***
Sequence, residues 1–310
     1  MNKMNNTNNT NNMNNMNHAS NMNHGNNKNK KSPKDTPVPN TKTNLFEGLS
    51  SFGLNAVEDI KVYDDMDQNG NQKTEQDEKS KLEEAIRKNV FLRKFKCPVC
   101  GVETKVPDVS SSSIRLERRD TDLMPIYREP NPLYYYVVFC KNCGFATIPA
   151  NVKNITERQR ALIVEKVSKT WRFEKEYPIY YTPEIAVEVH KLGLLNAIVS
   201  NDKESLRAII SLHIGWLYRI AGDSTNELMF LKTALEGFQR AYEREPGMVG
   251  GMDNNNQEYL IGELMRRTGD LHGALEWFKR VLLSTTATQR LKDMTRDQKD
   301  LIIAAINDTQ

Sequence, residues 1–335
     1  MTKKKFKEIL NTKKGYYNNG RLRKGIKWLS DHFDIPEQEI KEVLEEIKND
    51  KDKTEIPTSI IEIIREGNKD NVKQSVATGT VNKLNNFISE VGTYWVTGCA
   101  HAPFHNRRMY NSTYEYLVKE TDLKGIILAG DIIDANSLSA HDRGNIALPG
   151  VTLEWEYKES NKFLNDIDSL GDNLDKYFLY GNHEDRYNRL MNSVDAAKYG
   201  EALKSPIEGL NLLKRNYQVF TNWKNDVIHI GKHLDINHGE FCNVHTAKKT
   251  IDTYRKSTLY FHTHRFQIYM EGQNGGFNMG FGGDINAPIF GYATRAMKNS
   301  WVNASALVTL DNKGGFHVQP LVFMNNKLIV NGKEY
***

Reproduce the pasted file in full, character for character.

Sequence, residues 1–310
     1  MNKMNNTNNT NNMNNMNHAS NMNHGNNKNK KSPKDTPVPN TKTNLFEGLS
    51  SFGLNAVEDI KVYDDMDQNG NQKTEQDEKS KLEEAIRKNV FLRKFKCPVC
   101  GVETKVPDVS SSSIRLERRD TDLMPIYREP NPLYYYVVFC KNCGFATIPA
   151  NVKNITERQR ALIVEKVSKT WRFEKEYPIY YTPEIAVEVH KLGLLNAIVS
   201  NDKESLRAII SLHIGWLYRI AGDSTNELMF LKTALEGFQR AYEREPGMVG
   251  GMDNNNQEYL IGELMRRTGD LHGALEWFKR VLLSTTATQR LKDMTRDQKD
   301  LIIAAINDTQ

Sequence, residues 1–335
     1  MTKKKFKEIL NTKKGYYNNG RLRKGIKWLS DHFDIPEQEI KEVLEEIKND
    51  KDKTEIPTSI IEIIREGNKD NVKQSVATGT VNKLNNFISE VGTYWVTGCA
   101  HAPFHNRRMY NSTYEYLVKE TDLKGIILAG DIIDANSLSA HDRGNIALPG
   151  VTLEWEYKES NKFLNDIDSL GDNLDKYFLY GNHEDRYNRL MNSVDAAKYG
   201  EALKSPIEGL NLLKRNYQVF TNWKNDVIHI GKHLDINHGE FCNVHTAKKT
   251  IDTYRKSTLY FHTHRFQIYM EGQNGGFNMG FGGDINAPIF GYATRAMKNS
   301  WVNASALVTL DNKGGFHVQP LVFMNNKLIV NGKEY